One day we bought 80 gallons of water and distributed it to seven families and were reimbursed by the WV Water Hub. Most of them were either disabled and/or elderly and all of them were low income and can't afford to keep buying water. Even though the governor and even the Centers for Disease Control gave the okay to use the water, only one person of the dozens of folks I talked to is drinking the tap water. Several people I interviewed started out telling their story matter-of-factly and then broke down crying. The stress of not trusting public officials -- with good reason, as they are mostly in the pocket of the coal and chemical companies that run the state -- is really wearing on people. I could feel it myself, as I took one 16-ounce bottle of water with me and had to ration it throughout the day because I realized I couldn't ask any of those to whom we delivered water if I could fill up at their house. I was very thirsty by the end of the day.
Our hosts, Genny and Joe, are using the water for washing clothes and showering, but not for drinking or cooking or brushing their teeth, so I followed suit. It's like camping, pouring a little bottled water over my toothbrush!
A bill that would tighten West Virginia's notoriously lax regulation of water passed the legislature on the last day of the session, March 8. (Click here for a feature I filed for Free Speech Radio News. ) At a rally at the capitol (in Charleston) that day, I interviewed all kinds of people, including "the Cookie Lady," Laurie Jo Magana (pictured above), who was passing out cookies shaped like drops of water and frosted in blue to thank legislators for supporting the bill. She's single and has a good job, and actually rented a place in a "safe zone" outside the contamination area. So even though she has less to worry about than poor, elderly folks or pregnant women or parents of young children, she still broke down in describing the stress she's been under.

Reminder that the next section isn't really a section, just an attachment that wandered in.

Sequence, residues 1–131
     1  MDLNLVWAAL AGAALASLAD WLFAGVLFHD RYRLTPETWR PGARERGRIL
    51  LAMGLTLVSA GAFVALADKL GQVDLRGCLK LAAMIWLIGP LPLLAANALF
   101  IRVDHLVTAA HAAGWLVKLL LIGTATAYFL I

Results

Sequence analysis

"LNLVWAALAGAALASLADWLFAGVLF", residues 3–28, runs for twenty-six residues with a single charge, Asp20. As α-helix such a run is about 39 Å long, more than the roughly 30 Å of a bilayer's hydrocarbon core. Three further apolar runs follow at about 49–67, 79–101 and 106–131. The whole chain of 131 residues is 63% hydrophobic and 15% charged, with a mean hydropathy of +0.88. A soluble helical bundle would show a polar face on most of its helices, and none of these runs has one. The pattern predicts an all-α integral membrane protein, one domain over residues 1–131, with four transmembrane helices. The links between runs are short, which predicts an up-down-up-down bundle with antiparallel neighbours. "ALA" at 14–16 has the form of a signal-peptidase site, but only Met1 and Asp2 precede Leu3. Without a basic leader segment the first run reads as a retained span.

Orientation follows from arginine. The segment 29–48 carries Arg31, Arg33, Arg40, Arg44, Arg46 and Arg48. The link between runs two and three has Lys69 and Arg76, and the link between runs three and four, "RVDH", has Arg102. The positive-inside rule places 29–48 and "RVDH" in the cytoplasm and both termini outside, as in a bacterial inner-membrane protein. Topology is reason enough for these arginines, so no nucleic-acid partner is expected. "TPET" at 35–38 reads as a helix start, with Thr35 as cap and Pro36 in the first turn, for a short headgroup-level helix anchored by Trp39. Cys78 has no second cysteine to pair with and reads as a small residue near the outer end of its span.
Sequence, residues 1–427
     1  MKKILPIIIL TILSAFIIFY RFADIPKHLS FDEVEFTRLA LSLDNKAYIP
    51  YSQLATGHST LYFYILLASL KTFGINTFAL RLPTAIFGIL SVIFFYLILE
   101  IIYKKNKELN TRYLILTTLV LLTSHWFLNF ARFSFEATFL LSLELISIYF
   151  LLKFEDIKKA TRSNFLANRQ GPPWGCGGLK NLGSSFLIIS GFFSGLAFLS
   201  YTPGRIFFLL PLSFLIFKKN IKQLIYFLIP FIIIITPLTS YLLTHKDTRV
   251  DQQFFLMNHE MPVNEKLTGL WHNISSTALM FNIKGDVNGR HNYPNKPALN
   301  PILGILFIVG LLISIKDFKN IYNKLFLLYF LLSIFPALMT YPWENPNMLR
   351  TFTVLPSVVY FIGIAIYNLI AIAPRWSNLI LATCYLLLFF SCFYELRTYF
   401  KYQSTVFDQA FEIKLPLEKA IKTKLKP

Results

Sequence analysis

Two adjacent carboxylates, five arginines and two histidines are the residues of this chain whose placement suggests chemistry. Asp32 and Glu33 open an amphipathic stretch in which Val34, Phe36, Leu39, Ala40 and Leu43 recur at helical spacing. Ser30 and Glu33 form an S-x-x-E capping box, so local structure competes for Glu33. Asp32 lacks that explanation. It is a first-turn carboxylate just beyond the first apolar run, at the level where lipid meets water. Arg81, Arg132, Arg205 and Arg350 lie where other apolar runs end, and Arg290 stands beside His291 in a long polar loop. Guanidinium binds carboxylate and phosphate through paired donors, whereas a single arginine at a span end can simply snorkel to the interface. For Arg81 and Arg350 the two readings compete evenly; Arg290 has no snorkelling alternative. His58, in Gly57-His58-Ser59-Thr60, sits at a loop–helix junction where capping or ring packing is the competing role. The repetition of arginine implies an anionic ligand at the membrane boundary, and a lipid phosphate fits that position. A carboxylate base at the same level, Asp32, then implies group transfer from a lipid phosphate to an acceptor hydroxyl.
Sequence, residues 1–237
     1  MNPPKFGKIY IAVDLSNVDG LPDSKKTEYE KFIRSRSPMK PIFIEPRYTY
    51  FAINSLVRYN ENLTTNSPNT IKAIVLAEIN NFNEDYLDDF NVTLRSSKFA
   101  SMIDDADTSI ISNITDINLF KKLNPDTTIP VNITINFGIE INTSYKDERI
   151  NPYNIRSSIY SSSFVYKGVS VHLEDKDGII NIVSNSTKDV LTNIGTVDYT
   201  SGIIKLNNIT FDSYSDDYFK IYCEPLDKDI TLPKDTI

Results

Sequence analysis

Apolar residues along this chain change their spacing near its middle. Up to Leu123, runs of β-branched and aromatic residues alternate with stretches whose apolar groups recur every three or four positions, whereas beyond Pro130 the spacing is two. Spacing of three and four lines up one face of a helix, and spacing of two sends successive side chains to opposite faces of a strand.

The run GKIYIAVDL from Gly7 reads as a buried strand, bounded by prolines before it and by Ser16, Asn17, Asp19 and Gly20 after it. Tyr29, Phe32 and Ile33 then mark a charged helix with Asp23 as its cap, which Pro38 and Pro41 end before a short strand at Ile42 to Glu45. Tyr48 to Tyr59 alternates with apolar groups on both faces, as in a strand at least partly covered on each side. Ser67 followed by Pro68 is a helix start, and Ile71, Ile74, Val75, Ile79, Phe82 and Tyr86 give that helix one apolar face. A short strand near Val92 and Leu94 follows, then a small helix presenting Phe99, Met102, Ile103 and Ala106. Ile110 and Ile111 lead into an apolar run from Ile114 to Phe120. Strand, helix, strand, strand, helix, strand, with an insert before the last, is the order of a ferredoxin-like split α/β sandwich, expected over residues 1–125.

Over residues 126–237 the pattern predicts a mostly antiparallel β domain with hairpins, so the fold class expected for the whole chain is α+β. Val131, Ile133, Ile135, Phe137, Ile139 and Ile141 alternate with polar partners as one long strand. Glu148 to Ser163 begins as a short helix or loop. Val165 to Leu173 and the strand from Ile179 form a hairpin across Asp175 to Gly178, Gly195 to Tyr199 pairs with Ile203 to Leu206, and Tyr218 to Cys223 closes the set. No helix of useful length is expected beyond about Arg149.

My epidemiologist husband, Rob, says it makes no sense that a spill into a river wouldn't have been flushed out by now, but people are still getting rashes who bathe in the water now. Maybe more chemical spills haven't been reported, since the spill on January 9 was never reported by either the company (Freedom Industries) that was storing the chemical, MCHM, or American West Virginia Water Company, but was announced by the DEP after lots of customers called to complain that something was wrong with their water. And 12 days after the initial spill, Freedom Industries announced that another chemical had also spilled into the river at some earlier point. On Feb. 13, the water company announced the water was safe, but two days later the CDC (Centers for Disease Control) issued an advisory against pregnant women using it.
Some outside experts are testing the water, and will release their findings soon. I can post a link to my follow-up story for FSRN when that happens.